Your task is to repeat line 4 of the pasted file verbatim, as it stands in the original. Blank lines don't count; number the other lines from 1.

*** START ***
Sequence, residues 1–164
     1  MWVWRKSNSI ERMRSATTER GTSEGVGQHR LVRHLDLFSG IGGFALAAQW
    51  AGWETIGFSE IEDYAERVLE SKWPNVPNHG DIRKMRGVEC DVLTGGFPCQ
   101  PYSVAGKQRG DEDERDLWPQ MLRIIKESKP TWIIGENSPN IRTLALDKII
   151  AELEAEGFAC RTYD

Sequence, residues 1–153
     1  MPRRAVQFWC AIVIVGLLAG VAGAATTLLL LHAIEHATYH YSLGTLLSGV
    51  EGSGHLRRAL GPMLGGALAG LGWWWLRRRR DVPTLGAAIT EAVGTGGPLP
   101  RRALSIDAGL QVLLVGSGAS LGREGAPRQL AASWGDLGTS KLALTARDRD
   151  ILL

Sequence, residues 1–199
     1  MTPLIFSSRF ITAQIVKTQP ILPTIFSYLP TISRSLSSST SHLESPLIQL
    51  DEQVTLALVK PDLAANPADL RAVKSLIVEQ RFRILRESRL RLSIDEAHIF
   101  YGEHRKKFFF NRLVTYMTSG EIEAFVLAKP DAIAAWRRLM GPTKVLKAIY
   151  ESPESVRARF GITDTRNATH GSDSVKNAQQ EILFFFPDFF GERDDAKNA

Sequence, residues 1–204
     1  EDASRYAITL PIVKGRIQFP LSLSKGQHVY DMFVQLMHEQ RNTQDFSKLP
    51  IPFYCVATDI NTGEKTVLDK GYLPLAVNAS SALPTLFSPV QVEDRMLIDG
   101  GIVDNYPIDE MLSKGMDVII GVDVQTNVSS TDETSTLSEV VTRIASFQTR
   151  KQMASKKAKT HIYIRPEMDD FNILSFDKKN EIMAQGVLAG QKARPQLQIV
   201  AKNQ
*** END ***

   101  PYSVAGKQRG DEDERDLWPQ MLRIIKESKP TWIIGENSPN IRTLALDKII